How to Create a Non-Stop Referral Engine
For some reason, a lot of small business owners are reluctant to directly ask their customers for referrals. Maybe they’re afraid the customer will say no and it will make things awkward between them. Or maybe they’re afraid the customer will say yes and they won’t be able to keep up with the sudden spike in demand.
The reality is you can’t keep your business afloat without a steady stream of customers. And spikes and droughts in activity create a whole other set of problems, including an inability to cultivate relationships with the types of customers you want to engage.
The key to success is having a healthy flow of existing and new customers that are aligned with your vision and you can successfully service. The way to do this is through creating a non-stop referral engine that’s built using both overt and subtle tactics.
Yes, Customers Do Want to Refer Friends
First, you should know that when asked, most customers are more than happy to send new business your way. Most of the time, all they need is a little nudge and a specific request. For example, instead of simply asking customers to refer their friends, reframe the question in a way that highlights your expertise and what makes your business unique.
For example, imagine an accountant has successfully unraveled a small business owner’s shoebox full of receipts, has maximized their client’s write-offs and uncovered, even more, tax deductions. The small business owner is happy and the accountant has successfully added a new client to their roster. Before the client goes on their way, the accountant could thank them for their business and say, “Refer your friends,” at the end of their conversation. That approach could result in a referral but the request is more likely to be forgotten.
Instead, the accountant could say, “I’m glad I was able to help you. Small businesses are my area of expertise so if you know of any other small business owners that could benefit from my services, I’d appreciate a referral.” Depending on the flow of the conversation, the accountant could take the conversation a step further by adding, “I’m looking to add one new client this quarter.” The specificity and deadline-oriented approach to the request are more likely to be remembered by the client and result in more referrals.
Driving Word-of-Mouth Without Saying a Word
Still, a lot of small business owners might not feel comfortable having those direct conversations. If that’s the case, there are more subtle ways of tapping into existing customers to attract new ones.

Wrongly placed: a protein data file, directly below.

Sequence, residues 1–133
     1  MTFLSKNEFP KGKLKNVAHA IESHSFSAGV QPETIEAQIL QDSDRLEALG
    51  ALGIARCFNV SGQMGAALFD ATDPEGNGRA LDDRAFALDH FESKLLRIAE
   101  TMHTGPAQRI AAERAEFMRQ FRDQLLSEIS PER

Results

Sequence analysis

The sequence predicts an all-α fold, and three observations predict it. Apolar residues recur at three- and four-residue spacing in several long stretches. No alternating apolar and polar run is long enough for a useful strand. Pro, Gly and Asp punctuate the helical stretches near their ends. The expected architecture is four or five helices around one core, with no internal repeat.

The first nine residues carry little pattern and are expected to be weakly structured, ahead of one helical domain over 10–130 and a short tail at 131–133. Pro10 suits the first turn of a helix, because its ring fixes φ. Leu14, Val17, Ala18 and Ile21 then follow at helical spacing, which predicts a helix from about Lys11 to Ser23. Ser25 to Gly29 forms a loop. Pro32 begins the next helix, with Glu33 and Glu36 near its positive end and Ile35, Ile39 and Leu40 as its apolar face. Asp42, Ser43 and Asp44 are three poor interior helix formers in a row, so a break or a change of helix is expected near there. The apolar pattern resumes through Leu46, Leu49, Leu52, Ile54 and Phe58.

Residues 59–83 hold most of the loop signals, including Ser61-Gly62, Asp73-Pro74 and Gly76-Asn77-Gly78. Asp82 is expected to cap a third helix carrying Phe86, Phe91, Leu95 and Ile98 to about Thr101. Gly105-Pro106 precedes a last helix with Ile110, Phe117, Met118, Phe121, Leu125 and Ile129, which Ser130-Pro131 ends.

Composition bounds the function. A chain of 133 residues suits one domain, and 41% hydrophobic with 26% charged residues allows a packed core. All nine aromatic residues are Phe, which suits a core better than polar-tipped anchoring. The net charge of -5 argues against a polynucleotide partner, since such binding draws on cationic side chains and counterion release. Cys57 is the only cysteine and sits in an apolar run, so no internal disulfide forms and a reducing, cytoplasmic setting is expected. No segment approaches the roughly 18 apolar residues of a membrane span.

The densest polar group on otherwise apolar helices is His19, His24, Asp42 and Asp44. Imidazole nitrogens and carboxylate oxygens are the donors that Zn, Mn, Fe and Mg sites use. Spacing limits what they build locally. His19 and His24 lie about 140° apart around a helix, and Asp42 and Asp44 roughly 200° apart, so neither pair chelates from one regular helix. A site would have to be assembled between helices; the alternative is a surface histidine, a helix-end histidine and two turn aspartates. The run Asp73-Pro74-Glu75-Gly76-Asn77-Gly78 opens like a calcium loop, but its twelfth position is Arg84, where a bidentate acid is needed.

You can insert a line into your email signature or at the bottom of your newsletter that reads, “If you know someone who can benefit from (your expertise here), tell them about us.” Just remember to insert a live link to your website or email address.
But what if you’ve exhausted your existing customer base and want to attract new customers? There are several tactics you can use to do this.
Let’s start with your social media profiles. Going back to the example above, it helps to be specific when describing your expertise. In your online profiles, highlight what makes your business unique and the reasons customers keeping come back to you. Playing devil’s advocate with this strategy, there might be a concern that being too specific limits your audience. However, being too generic doesn’t allow you to stand out from the crowd.
To attract your ideal customers and reach a wider audience, start with a broad description of your business by category or industry and then narrow it down by your expertise. For example, an Italian restaurant could be known for it is 100- year-old secret family recipes or singing waiters. Online, the listing would start with restaurant and then narrow down the audience by listing authentic Italian food and singing wait staff. When you articulate what makes your business unique, you establish credibility as the local expert, which drives word-of-mouth.
Another way to attract new customers through online marketing is to create and curate great content that truly informs your audience instead of pitching them on your products and services. When you share your experience and expertise in your newsletters, social media or blog posts, you demonstrate your depth of knowledge and further boost your credibility.
For example, a video demonstrating little known short cuts or a newsletter article that offers tips and tricks is more likely to inspire customers to remember your advice and share it online. This is a great way to attract subscribers and online followers while giving you an excuse to keep in touch with customers between visits. By staying top of mind with your target audience, you’ll be the obvious choice when they’re in the market to buy what you sell.
If you don’t have the time or inclination to create content but want to keep a steady flow of communication to your audience, you can always curate content such as great articles, videos, and tweets that you come across. Make it your own by adding in your point of view on the subject and then lead into the curated content. The trick is to share content that reflects your business, industry, and expertise as opposed to general news items. Also, remember to always give proper credit to the original news source.
Asking for referrals and driving word of mouth is an important part of keeping the lights on but it doesn’t have to be uncomfortable or time-consuming. By delivering a great customer experience, engaging your target audience and finding your own comfort level in asking for referrals, you can build a non-stop referral engine.
About the Author
Dave Charest is a senior manager, content and social media marketing at Constant Contact. Dave and his team make stuff that helps hundreds of thousands of small business owners do better marketing. For lots of great, free hints and tips, subscribe to the hints and tips blog.